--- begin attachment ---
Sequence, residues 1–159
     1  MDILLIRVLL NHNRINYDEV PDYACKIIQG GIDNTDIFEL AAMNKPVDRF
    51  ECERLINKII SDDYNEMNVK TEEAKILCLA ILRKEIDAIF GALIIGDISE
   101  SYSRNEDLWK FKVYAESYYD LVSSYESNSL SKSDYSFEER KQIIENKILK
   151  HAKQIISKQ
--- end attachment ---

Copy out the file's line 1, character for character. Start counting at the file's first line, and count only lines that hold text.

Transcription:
Sequence, residues 1–159